Outcasts are the lowest caste components that make up Indian society . They are people who belong to an untouchable condition, as traditionally no one can be touched, as it is considered that contact can “stain”. As a result, they suffer social marginalization and have no rights whatsoever. Although this situation has greatly improved in the modern age, discrimination still remains. Pariah
Outcasts lived very poorly on the outskirts of cities, where they were banned and forced to do menial jobs with those tasks that no one wanted to do, like sweeping feces from the streets.
The use of the term pariah came to be generalized to denote all people who live in a condition of exclusion and are considered inferior by the rest of society .
the caste system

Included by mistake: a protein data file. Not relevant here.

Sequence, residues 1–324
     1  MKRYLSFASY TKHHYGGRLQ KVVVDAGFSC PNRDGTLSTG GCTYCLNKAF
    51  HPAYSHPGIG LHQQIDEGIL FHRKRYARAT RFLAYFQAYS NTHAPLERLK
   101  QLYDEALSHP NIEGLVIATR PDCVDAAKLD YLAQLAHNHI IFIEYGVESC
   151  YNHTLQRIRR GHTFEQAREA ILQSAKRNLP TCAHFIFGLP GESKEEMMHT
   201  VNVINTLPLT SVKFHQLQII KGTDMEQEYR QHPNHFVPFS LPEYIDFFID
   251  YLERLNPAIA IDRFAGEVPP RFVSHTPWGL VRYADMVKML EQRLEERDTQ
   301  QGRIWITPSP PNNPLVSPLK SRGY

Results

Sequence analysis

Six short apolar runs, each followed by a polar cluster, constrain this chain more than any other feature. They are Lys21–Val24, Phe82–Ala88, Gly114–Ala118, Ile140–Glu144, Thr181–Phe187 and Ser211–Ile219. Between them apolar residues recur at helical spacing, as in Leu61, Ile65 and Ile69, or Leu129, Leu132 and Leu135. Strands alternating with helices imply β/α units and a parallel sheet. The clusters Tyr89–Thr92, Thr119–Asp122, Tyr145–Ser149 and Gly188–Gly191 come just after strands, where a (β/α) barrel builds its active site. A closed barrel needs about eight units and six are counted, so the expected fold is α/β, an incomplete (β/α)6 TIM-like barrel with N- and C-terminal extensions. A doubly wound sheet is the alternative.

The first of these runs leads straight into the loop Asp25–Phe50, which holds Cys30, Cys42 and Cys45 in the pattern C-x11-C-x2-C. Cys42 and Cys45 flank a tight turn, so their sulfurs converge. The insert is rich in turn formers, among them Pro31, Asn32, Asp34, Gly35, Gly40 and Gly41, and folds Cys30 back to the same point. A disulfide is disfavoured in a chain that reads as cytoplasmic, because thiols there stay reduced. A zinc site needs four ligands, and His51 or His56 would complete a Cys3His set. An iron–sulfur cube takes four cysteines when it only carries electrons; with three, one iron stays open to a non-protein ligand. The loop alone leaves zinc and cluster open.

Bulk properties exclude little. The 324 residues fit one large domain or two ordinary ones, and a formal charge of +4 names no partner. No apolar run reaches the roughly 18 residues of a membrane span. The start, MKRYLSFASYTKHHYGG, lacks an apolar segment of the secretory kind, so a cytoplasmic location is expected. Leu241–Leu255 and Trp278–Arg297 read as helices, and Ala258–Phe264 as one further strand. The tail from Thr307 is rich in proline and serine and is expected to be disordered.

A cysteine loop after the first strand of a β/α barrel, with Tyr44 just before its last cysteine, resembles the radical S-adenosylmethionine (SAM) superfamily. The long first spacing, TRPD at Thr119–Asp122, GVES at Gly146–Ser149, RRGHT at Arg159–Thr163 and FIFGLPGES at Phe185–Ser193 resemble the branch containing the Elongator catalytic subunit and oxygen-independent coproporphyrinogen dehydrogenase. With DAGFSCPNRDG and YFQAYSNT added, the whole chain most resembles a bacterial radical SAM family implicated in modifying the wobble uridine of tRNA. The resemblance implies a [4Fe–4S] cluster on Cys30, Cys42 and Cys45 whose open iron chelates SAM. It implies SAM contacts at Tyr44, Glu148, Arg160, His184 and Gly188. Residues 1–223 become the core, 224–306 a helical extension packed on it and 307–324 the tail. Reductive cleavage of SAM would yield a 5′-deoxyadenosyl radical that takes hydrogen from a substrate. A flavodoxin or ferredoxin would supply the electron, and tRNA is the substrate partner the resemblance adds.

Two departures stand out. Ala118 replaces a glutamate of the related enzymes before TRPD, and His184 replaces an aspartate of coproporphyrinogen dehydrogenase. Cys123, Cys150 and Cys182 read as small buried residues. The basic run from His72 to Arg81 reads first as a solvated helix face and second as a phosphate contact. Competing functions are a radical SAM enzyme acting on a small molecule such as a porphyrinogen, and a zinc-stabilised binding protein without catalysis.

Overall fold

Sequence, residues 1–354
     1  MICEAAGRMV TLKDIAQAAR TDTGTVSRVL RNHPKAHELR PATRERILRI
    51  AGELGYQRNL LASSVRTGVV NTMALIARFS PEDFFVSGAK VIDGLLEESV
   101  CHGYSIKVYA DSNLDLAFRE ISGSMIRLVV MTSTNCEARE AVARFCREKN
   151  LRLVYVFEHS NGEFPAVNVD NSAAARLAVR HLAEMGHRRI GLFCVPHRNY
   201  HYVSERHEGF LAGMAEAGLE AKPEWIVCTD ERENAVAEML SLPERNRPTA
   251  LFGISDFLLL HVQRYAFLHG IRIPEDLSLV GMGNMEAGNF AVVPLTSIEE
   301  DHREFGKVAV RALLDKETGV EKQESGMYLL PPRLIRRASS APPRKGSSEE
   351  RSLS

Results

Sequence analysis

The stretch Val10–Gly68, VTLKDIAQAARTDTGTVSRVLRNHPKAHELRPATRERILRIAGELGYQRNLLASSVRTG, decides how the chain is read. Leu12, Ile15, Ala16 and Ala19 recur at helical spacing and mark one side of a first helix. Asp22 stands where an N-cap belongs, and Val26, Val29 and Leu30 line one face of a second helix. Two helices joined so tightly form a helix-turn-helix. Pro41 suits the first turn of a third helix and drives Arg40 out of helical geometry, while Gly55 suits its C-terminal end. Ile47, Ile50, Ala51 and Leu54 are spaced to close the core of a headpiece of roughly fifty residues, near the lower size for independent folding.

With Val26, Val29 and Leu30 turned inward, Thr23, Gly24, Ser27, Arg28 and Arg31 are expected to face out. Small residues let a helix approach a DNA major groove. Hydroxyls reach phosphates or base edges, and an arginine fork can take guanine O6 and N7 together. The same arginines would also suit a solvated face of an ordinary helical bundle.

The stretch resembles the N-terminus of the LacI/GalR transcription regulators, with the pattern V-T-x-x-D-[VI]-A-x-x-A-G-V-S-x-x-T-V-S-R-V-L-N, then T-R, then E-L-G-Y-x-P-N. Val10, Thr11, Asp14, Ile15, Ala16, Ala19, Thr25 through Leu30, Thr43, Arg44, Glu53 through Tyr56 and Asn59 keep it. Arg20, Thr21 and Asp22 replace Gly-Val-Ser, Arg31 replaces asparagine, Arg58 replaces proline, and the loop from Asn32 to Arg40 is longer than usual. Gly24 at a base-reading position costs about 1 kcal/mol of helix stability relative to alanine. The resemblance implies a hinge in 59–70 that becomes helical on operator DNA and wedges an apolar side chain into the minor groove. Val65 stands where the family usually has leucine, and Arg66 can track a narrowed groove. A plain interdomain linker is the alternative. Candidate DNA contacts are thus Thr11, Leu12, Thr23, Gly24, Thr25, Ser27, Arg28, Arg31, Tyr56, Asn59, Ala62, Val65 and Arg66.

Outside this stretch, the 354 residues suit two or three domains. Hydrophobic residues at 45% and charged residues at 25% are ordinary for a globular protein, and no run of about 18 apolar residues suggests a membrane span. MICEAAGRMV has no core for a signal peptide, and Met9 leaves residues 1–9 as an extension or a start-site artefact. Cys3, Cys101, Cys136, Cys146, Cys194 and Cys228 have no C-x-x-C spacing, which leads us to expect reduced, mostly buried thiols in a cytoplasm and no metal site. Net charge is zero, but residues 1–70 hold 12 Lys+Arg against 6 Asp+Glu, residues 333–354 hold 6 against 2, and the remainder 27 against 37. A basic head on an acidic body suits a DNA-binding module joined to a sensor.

For thousands of years, society in India was divided into castes. Since its mythical origin of creation through Brahma (the man who divided it into castes), it is possible to differentiate more than 2000 castes depending on factors such as the profession performed or the territory they belonged to. Pariah
Even over the years, caste differences were not a fundamental obstacle, they continued to be a strong impediment to certain issues, such as being able to marry freely.
Historically, people who belonged to this caste had no rights whatsoever, but in 1950, following Gandhi’s tremendous impulse in terms of equality, the discriminatory barriers that existed until then were broken down, reaching the point that nowadays forbid “untouchability” and it would be possible to find ministers and governors from this caste.
Still, despite these tremendous efforts, it is not easy to end permanently with a system that has been in place for over 3000 years. Pariah
What is certain is that the pariahs have gained recognition from most of Indian society , but even so they still have a long way to go before they are fully integrated.
There are still castes that see outcasts as inferior beings, which leads to frequent and violent social disputes. This is why the outcasts’ struggle against intolerance is not over. Pariah